Her Majesty the Queen v. Daniel Brunelle
(Quebec) (Criminal) (As of Right)
Criminal law - Appeals, Evidence, Unreasonable verdict, Defences, Self-defence - Criminal law — Appeals — Evidence — Unreasonable verdict — Defence — Self defence — Whether majority erred in law in holding that verdict was unreasonable even though trial judge’s findings of fact were supported by evidence.
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In the Court of Québec, the respondent, Daniel Brunelle, was convicted of aggravated assault, assault with a weapon and possession of a weapon for a dangerous purpose. The offences arose out of an episode of road rage. The trial judge found that the respondent had not acted in self defence. With regard to the second condition for self defence, she did not believe the respondent’s claim that he had used force for the purpose of defending himself. She found that he had instead retaliated and taken revenge.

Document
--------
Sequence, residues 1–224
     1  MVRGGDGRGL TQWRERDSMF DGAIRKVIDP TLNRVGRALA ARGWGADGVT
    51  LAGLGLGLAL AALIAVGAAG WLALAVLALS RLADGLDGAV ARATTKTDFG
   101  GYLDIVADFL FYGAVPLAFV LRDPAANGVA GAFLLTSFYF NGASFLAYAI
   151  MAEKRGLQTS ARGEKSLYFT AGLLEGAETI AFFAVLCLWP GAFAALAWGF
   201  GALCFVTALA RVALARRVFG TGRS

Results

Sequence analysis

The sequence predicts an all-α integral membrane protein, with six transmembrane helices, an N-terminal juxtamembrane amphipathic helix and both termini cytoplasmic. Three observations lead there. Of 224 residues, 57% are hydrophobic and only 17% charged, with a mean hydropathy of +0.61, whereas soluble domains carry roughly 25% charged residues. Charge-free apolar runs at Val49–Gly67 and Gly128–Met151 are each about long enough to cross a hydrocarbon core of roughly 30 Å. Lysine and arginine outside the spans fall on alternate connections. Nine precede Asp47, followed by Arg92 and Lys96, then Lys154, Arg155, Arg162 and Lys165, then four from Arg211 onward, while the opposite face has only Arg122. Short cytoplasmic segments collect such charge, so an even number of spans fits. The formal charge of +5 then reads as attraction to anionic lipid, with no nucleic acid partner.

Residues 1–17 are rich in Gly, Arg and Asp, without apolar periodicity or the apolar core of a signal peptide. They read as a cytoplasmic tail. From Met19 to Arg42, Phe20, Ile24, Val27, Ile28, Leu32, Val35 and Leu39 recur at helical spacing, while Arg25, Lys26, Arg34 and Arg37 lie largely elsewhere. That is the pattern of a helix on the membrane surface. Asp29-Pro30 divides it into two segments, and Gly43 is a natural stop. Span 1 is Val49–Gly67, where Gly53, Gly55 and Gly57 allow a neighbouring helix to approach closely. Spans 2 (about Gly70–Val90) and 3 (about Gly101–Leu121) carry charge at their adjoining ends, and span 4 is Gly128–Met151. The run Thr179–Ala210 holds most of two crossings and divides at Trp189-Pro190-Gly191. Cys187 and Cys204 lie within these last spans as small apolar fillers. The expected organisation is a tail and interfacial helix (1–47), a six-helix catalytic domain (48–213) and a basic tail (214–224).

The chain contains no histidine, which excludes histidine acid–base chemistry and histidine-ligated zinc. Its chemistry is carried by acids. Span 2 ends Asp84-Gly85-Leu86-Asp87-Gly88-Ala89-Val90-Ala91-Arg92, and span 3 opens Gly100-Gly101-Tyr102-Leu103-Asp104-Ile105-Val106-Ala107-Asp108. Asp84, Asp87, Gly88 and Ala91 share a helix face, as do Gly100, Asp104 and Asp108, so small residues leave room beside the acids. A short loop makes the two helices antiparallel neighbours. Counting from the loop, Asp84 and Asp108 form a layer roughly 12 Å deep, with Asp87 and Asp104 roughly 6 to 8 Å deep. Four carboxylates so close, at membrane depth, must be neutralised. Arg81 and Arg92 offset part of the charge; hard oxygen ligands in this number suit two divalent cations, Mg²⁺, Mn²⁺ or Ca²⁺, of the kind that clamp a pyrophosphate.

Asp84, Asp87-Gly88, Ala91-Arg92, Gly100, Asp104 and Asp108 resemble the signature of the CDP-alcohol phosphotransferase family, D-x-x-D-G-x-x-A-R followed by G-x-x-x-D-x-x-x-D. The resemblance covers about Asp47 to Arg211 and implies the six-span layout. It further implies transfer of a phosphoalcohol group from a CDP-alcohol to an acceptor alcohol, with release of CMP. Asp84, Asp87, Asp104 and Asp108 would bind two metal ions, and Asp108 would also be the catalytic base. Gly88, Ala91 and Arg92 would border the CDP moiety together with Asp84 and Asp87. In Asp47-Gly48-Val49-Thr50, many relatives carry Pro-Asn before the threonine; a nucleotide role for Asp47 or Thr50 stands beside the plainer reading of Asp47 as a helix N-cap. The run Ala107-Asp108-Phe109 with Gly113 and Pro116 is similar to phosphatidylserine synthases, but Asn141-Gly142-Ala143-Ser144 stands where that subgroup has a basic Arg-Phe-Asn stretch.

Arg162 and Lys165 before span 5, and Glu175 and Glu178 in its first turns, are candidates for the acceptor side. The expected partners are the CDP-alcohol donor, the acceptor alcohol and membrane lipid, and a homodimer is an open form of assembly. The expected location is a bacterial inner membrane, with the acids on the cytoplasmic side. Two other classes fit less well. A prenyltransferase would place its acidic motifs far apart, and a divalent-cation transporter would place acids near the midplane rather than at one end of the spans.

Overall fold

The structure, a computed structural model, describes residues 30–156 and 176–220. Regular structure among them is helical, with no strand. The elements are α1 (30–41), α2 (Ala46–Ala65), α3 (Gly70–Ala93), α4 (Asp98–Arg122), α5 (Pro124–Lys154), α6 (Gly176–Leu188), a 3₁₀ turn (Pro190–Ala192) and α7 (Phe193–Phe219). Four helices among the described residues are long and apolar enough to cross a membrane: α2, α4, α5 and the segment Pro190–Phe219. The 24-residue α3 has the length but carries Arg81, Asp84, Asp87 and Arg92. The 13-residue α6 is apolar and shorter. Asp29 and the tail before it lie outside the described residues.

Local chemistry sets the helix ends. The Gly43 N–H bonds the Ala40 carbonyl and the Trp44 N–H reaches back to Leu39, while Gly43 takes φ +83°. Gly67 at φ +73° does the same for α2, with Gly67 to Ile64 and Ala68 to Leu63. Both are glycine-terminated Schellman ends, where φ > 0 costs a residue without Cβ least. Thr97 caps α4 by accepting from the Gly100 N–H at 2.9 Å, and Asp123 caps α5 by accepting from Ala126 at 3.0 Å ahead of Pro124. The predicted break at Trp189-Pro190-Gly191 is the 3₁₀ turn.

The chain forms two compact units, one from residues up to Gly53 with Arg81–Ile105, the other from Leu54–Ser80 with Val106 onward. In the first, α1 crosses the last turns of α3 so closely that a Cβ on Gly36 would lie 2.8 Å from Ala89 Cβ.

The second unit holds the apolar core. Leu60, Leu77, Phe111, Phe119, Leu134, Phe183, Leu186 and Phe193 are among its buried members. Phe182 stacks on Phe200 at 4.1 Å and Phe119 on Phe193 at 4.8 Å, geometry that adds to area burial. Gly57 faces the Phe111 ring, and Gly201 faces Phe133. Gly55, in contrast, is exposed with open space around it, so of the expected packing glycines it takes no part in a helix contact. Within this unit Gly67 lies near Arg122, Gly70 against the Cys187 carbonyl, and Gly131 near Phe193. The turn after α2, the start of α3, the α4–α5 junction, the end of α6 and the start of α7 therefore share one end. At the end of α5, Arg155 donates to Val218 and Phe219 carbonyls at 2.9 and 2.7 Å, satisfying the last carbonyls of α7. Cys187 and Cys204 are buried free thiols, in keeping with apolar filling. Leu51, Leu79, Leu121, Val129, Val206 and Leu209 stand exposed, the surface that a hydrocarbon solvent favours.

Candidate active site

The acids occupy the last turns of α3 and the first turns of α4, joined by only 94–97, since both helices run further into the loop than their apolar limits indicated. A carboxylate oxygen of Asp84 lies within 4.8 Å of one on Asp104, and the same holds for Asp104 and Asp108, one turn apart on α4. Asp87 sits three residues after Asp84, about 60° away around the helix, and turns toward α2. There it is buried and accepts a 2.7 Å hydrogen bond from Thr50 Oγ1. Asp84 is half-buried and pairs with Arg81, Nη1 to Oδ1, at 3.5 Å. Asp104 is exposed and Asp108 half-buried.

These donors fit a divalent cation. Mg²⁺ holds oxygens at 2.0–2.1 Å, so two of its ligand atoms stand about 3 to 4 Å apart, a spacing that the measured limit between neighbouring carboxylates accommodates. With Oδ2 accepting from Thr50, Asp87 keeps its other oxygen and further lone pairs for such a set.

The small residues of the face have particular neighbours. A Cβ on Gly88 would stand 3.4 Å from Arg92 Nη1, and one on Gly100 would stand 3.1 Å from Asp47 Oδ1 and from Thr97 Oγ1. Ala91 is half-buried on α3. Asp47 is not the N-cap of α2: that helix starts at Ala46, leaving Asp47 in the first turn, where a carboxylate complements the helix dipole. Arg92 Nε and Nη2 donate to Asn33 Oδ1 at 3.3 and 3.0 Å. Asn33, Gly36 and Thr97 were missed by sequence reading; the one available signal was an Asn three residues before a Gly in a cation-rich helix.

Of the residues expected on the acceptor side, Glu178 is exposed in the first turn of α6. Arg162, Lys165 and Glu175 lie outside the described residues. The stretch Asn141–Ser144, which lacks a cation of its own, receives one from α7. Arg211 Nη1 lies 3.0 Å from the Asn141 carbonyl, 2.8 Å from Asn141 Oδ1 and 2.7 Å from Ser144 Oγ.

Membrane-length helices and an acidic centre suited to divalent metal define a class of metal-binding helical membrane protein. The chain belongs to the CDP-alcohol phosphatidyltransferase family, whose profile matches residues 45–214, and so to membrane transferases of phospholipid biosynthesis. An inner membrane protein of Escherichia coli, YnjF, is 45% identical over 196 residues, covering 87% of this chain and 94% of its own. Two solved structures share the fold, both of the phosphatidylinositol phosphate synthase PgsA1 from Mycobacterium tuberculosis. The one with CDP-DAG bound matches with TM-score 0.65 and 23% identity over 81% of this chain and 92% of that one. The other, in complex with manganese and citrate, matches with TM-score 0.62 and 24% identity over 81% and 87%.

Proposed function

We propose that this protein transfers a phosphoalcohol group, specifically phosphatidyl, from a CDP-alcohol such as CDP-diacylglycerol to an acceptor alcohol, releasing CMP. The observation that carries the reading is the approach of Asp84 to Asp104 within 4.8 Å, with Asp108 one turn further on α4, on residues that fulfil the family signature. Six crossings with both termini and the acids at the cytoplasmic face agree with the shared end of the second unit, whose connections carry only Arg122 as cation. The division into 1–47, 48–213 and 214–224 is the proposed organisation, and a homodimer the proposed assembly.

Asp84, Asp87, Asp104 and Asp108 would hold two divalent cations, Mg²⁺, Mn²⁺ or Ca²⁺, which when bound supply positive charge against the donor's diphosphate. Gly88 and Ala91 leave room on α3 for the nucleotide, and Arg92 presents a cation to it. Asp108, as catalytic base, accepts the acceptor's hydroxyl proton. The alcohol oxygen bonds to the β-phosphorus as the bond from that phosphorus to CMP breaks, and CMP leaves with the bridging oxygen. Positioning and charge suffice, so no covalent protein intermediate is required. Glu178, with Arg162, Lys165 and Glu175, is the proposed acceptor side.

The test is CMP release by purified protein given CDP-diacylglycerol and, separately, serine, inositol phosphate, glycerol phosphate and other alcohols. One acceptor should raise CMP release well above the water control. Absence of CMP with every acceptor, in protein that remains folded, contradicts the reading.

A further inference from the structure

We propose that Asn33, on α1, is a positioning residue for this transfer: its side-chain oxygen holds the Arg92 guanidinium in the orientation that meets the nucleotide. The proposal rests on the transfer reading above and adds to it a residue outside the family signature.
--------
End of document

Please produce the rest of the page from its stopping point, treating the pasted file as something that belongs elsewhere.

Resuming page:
The Quebec Court of Appeal allowed the appeal, set aside the guilty verdicts and ordered a new trial. In the majority’s view, the trial judge had erred in analyzing the second condition for self defence by finding that the accused had sought to take revenge and had done more than defend himself. The judge had not taken account of how quickly everything happened and had not considered all the evidence. Bachand J.A., dissenting, would have dismissed the appeal on the basis that there was no reason to intervene. In his view, the issue was whether the trial judge’s finding that the respondent had acted out of vengeance was sufficiently supported by the evidence and involved no palpable and overriding error. He found that this was the case.
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